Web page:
Paradata: Documentation for Responsible Artificial Intelligence
Learn about paradata and how it can be used for documenting AI processes. This special guest blog post was authored by:
- Patricia C. Franks, School of Information, San Jose State University, California, USA
- Scott Cameron, School of Information, University of British Columbia; Vancouver, Canada
Importance of Accountability
While offering obvious efficiencies, the implementation of Artificial Intelligence (AI) systems raises a new set of risks including loss of trust, data breach, discrimination, and resistance to oversight.
Organizations employing AI remain accountable to their stakeholders (i.e., citizens, employees, shareholders, customers, and society) for any harm they may cause. Current research projects to make AI explainable (XAI) to human users address the technical challenges of developing human-comprehensible AI tools. But accountability within an organization requires a record of what was done by the technology and evidence that the organization has acted in a legally defensible manner.
Accountability within an organization requires a record of what was done by the technology and evidence that the organization has acted in a legally defensible manner.
Information professionals, acting as stewards of information within an organization, bear responsibility for documenting the AI process.
Documentation of AI algorithms, data sources, and decision-making processes can help users, stakeholders, and regulators understand and trust AI systems, fostering responsible AI adoption. For this reason, the InterPARES TrustAI research team recommends the preservation of paradata to document the AI process. Paradata provides a framework for understanding the responsibilities of information professionals in relation to specific technical and organizational needs when applying AI tools.
Figure 1: AI Lifecycle. Source: AI Guide for Government: A Living and Evolving Guide to the Application of Artificial Intelligence for the U.S. Federal Government, GSA, Centers of Excellence. https://coe.gsa.gov/coe/ai-guide-for-government/understanding-managing-ai-lifecycle/index.html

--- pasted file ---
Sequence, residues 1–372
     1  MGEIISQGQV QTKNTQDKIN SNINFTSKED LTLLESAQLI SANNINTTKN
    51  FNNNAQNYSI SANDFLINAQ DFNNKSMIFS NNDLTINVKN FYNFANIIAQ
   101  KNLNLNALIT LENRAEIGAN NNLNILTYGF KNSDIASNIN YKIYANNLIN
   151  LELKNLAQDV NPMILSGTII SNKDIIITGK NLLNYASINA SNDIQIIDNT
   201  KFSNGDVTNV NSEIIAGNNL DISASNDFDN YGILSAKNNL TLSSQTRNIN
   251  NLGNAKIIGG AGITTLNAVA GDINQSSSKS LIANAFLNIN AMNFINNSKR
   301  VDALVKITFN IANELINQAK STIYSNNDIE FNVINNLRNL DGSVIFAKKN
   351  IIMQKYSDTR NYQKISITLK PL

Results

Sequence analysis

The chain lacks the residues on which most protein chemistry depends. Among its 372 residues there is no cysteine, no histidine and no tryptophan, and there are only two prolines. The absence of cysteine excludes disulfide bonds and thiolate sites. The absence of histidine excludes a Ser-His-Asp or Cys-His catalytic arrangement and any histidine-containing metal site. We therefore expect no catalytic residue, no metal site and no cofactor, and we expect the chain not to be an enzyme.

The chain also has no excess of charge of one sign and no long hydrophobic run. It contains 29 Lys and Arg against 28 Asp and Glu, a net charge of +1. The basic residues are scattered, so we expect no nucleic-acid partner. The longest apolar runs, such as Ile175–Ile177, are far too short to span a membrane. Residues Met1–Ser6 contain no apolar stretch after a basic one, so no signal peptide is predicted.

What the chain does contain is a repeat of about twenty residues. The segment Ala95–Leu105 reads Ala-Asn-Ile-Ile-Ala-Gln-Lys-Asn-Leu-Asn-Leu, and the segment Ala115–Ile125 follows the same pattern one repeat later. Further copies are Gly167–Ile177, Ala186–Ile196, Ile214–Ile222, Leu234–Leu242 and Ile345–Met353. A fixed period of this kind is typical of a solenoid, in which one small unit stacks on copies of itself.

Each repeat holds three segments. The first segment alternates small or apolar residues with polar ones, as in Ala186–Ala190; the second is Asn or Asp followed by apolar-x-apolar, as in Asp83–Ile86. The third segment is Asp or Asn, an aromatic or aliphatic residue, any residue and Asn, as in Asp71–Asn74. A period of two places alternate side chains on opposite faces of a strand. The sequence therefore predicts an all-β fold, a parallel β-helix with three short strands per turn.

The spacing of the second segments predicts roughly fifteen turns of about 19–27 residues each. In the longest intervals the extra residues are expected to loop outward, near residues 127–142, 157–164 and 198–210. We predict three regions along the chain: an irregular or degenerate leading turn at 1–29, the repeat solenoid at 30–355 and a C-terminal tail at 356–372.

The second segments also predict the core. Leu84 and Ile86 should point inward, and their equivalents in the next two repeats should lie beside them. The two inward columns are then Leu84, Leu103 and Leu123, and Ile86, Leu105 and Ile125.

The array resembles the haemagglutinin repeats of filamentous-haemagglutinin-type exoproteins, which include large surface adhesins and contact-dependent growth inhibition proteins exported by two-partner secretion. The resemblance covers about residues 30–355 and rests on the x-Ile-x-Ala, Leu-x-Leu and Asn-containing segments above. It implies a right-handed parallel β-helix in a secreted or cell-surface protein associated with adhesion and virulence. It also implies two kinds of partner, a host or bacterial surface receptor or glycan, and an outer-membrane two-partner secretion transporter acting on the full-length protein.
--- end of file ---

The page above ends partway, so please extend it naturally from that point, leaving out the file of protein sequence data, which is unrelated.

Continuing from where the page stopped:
Introducing Accountability into the AI Process
The lifecycle of an AI tool, depicted in Figure 1, moves from design through development and finally to implementation in the deployment phase.
AI tools frequently operate as black boxes impossible for humans to understand, as the complex interrelations between sophisticated models and vast training datasets are difficult to predict or reconstruct.
While the AI lifecycle is well-understood, the problem of incorporating accountability, understandability, and transparency into the process challenges researchers and legislators worldwide. The UK’s Royal Society, for instance, proposes that explainable AI is characterized by interpretability, explainability, transparency, justifiability, and contestability.
While interpretability, explainability, and transparency pertain mostly to datasets and algorithms, attention must also be paid to justifiability and contestability. How can AI outcomes be documented in a way the end user can understand? And if the users or subjects disagree with the outcome and pursue redress, what information will be available to them?
What is paradata?
Given the risks introduced by AI, organizations need to document both the actions in which AI tools participate and the processes of implementing and operating AI. To facilitate the achievement of explainability, justifiability, and contestability in AI applications, InterPARES recommends capturing paradata as “information about the procedure(s) and tools used to create and process information resources, along with information about the persons carrying out those procedures.”
In AI applications, paradata documents the organizational and technical context for AI decision-making in applications where accountability is necessary. Paradata allows for the reconstruction of the AI process, documenting due diligence in implementation to mitigate the risk of liability. The extent of the documentation required will depend on the level of risk the organization assumes and the degree of harm inherent to the application’s context.
Paradata and AI Risk Management
In practice and increasingly in response to legislation, those implementing AI tools rely upon risk management frameworks to assess the potential harms of an AI application. Higher-risk applications should retain thorough paradata as a record of their process from design through deployment and use. The European Union’s proposed Regulatory Framework on Artificial Intelligence provides a layered risk-based approach to AI applications for AI developers, deployers, and users (Figure 2). It segments AI use into four categories of risk: unacceptable, high, limited, and minimal.